5). If you really want to build your boat "just because", I can certainly understand that. I had a commercial woodworking business after 20 years as an engineer. I built 3 boats from Glen-L designs.
    I would highly recommend their plans because of the full size patterns on the frames and their detailed instructions and their book on wooden boat building. Their assistance along the way was great.
    With purchased plan/blueprints, you will not be going into this blind. You get a materials list for free on their website. That will give you an idea of some of the costs. As far as insurance is concerned, you will have all of the technical data. If you have any questions on how to load and balance the boat, they are their. You wont over spend on an overpowered motor. If you bought their plans, they wont help you much if you purchased your own aluminum pontoons, but you could find the buoyancy of your purchased pontoons as compared to building your own from plywood and cover with fiberglass. This would help in load and balance.
    Design is very important. Over-building is not necessarily a good idea with boats, especially with wood structures. Boats are continually flexing and 'moving' in the water. Not stable like a house on solid ground. In our eagerness to make it stronger, we will be making it heavier. Home-built boats have been known to collapse under their own weight.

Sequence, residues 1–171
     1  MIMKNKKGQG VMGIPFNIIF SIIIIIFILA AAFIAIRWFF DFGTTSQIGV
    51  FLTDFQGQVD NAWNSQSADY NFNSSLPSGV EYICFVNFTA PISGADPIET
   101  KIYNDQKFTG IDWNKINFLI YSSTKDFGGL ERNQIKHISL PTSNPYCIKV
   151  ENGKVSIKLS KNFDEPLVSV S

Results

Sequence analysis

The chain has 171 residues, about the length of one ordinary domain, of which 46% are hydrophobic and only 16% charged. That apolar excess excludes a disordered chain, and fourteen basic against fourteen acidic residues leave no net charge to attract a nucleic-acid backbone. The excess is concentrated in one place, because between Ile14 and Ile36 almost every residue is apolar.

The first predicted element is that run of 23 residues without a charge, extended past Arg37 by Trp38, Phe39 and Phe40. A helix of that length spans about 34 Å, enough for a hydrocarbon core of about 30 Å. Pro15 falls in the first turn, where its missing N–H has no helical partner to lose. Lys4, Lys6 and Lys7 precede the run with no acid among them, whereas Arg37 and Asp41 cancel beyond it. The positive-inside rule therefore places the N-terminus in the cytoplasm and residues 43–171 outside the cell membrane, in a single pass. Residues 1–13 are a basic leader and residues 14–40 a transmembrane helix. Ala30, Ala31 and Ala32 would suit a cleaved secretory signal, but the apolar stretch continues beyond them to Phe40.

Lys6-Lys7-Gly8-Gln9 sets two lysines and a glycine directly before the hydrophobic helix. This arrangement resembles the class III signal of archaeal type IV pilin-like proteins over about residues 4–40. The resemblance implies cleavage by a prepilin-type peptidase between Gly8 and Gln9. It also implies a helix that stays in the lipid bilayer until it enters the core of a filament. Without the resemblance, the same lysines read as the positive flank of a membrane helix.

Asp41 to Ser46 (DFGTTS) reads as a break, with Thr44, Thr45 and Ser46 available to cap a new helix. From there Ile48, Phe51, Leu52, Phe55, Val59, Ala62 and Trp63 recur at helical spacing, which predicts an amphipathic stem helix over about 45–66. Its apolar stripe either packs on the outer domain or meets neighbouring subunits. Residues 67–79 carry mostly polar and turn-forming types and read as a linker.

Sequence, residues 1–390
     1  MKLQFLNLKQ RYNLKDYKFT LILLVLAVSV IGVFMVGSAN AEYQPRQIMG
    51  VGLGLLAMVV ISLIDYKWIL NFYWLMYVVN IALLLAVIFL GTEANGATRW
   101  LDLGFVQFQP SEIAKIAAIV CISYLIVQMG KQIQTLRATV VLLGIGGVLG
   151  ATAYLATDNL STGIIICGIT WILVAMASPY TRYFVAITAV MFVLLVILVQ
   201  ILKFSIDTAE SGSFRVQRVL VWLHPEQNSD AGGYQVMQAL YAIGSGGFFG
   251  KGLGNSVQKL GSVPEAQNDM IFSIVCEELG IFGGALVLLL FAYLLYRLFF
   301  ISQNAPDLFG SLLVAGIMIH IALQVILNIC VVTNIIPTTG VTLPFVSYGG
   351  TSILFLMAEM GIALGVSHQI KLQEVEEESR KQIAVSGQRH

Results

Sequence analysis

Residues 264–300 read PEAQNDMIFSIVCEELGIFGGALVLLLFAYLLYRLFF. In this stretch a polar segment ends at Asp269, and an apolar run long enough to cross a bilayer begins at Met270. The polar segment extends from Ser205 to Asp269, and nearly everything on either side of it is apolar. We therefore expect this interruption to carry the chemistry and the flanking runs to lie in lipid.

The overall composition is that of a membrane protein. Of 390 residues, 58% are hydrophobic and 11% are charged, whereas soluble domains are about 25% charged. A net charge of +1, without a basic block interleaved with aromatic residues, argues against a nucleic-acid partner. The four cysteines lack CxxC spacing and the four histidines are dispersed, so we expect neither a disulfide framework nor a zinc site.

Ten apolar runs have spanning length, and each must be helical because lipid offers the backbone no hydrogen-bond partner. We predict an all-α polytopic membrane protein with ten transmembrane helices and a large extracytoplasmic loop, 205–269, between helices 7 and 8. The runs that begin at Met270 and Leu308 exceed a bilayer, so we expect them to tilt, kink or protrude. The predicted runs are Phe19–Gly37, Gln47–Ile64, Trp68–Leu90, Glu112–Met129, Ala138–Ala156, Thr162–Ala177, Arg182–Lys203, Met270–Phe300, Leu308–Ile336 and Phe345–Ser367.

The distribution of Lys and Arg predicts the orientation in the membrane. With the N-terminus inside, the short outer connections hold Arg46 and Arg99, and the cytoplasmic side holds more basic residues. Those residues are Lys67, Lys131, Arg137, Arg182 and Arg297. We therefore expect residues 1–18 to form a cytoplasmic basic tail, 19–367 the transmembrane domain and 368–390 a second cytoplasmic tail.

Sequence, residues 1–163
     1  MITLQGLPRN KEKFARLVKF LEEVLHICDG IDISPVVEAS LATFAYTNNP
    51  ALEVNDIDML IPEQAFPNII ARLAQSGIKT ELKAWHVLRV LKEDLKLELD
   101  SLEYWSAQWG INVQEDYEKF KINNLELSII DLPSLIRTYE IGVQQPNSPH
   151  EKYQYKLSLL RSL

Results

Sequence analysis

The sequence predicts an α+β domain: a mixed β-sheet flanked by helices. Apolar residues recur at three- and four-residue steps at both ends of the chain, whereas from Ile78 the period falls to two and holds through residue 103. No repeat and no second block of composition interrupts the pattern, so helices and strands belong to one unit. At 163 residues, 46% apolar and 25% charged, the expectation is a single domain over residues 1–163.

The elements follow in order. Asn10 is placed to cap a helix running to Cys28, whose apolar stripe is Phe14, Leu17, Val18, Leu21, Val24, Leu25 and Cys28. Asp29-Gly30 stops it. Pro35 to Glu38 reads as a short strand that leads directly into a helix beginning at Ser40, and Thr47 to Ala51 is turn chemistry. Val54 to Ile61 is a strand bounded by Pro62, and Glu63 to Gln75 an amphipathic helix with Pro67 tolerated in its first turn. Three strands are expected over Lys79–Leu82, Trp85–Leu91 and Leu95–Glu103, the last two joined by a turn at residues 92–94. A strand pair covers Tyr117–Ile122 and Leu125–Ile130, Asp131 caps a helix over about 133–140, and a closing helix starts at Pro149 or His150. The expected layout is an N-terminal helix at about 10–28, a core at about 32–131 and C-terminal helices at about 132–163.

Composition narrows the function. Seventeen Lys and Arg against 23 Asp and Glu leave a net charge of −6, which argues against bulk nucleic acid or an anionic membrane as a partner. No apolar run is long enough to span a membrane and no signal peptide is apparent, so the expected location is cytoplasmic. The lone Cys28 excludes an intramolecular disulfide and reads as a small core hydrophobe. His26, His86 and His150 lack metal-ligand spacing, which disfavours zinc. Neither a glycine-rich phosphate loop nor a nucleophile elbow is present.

I wish you the best of luck in your endeavor, whatever you choose to do.

  5. #15
    Senior Member Tony B's Avatar
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    Little Tennessee River (Tellico Lak) near Knoxville
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    I think you made a wise decision. I'm sure if you look hard enough, you will find a houseboat that fits your needs or can be modified to your personal likes without too much work.
    Check out places like yachtworld.com and search all of the manufacturers. Look at their layouts and see if you can retro fit any of them to your likings. Then, look for a used boat in your price range.